Now, back to style preparation. The main style we’re looking for is the style of confidence and conviction– a style communicates the veracity and urgency of the message; a style that bleeds excitement. A style that makes the hearer long for the Godward affections emanating from the teacher. A style that teaches the hearer that this truth is not simply propositional truth– but it’s life. These are not facts to memorize, they are realities to experience.

How should we prepare this? It’s a spiritual conditioning, not a simple five-step process. It involves lingering over truths for extended periods of time. It takes much prayer– begging God for illumination, for proper affections, and for clarity of mind in presentation. It’s working to understand not only the theological outline, but also for heart application. It’s the result of daily seeking God, confessing sins, remembering Christ’s work. The pursuit of God will make a man a preacher. God will so capture you that you will be like Jeremiah, with a fire in his bones, needing to speak of God.

“When you set yourself on fire, people love to come and see you burn.” —John Wesley

So, in conclusion, the best way to prepare style is by not preparing for style, but rather working, striving, and longing to see God’s majesty. Man doesn’t learn to preach by observing man. Man learns to preach by observing God. The preacher whose face shines like that of Moses, having seen the King of Glory, will have style. And that style will say: “I have seen glory– come, and see what I’ve found.”

Teachers, style is content

A few days ago I watched an episode of a DVD series I recently bought called, “Building Great Sentences.” When you buy one of these series, they send you a contract that makes your entry into nerd-dom official. Anyway, the teacher kept reiterating a concept that I had thought about for a while but had never articulated. The concept was this: style is content.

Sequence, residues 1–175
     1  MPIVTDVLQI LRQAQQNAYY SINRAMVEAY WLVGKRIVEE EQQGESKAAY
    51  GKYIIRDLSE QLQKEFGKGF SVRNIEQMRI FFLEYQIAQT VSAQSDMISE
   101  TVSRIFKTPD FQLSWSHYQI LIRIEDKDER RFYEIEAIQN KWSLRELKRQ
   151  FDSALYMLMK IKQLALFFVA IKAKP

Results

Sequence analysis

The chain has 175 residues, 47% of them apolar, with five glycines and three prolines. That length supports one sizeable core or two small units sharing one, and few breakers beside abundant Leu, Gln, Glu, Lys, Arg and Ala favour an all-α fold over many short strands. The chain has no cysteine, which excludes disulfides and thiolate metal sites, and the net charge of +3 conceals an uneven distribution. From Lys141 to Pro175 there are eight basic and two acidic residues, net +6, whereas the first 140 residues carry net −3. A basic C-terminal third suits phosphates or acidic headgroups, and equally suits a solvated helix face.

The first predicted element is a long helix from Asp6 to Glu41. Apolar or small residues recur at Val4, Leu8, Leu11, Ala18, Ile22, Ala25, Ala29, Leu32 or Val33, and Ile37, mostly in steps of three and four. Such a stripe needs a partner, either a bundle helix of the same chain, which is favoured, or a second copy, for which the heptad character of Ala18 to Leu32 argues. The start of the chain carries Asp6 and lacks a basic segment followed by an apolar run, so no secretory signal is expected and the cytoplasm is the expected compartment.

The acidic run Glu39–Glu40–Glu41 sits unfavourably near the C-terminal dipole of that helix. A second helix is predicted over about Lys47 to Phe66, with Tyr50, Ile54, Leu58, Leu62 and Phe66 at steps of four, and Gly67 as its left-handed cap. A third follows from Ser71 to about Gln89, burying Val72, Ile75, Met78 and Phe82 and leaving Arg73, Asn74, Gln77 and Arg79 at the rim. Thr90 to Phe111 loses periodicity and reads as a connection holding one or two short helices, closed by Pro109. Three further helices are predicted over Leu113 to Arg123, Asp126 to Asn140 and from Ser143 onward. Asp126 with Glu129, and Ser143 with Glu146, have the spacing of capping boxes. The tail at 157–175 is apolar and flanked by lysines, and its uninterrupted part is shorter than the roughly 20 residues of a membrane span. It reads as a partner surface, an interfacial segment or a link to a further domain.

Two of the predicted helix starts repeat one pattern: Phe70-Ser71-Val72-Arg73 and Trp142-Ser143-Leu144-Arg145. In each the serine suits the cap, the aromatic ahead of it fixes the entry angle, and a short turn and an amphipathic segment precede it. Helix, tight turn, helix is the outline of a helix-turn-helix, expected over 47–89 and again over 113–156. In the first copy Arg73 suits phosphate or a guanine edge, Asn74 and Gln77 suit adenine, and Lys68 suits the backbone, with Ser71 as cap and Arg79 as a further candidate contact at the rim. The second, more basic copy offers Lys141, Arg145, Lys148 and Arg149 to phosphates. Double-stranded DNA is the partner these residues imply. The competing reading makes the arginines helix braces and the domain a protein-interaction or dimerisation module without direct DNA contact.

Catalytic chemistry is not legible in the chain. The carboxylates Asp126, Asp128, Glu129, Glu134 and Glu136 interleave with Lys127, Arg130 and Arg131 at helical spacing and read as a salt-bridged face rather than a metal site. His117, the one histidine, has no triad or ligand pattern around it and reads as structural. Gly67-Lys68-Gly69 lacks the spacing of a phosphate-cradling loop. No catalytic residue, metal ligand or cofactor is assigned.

What the guy was saying was that the way you write something actually says something. In other words, there is much more to what is being communicated than the words that make up the sentence. The style is not only the way you form the words; the style is a message in itself. This style sends a message that either substantiates or undermines the message. Style is like an unwritten sentence. It speaks. It is content.

This is true in writing. But the principle carries over into teaching as well. The way you speak sends a message. In fact, whenever a preacher enters the pulpit and begins his discourse, two messages are going out. The first (and most obvious) message is the meaning of the words that are being said. The second message is in the way those words are being said. For example, I preach a perfect, theologically sound sermon about the glories of Christ with a dry, dull style, and the content of the style will undermine the content of the words.  If I preach about something that is important, it better sound important. That’s why I hate when preachers make jokes about big deals like divine judgment, imminent wrath, and eternal hell. The levity of a joke undermines the weightiness of the topic. The style must serve to propound the meaning of the message.

Style is important, but it’s not as important as the didactics of a sermon. The didactic meaning of the message holds the highest priority– it doesn’t matter how one teaches heresy; heresy is heresy. A good rule is this: the sermon must make sense if it were transcribed. In other words, the preacher must not be so dependent on the style that he gives up content. Content is king. Style is a servant to content; indeed, it is content, only of lesser priority.

Style is content because it says something important. To the listener, who is asking himself whether it’s worth it for him to hear this, style says: “this is exciting; you’ll miss out if you don’t hear this.” A while ago I read part of a manuscript of one of D.A. Carson’s sermons where he said:

If I have learned anything in 35 or 40 years of teaching, it is that students don’t learn everything I teach them. What they learn is what I am excited about, the kinds of things I emphasize again and again and again and again. That had better be the gospel.

What he is saying is that excitement teaches. Excitement wordlessly substantiates the message. It declares the urgency and importance and glory and truth of something. It appeals to the affections. Like Jonathan Edwards taught, if you’re talking about something horrible, you should want your people to feel the horror. And it takes words and style to make that happen.

Style expresses, perhaps, the inexpressible.


I might do another post on this topic, which will address how to prepare style. We might feel that style is simply a byproduct of our personality, which it is. But I want to ask: does that necessarily mean that we can’t/shouldn’t prepare style? Should we prepare the best didactic content and let the chips of style fall where they may? Or should we prepare style? If so, how much stylistic preparation is too much? When does too much become void of personality and spontaneity?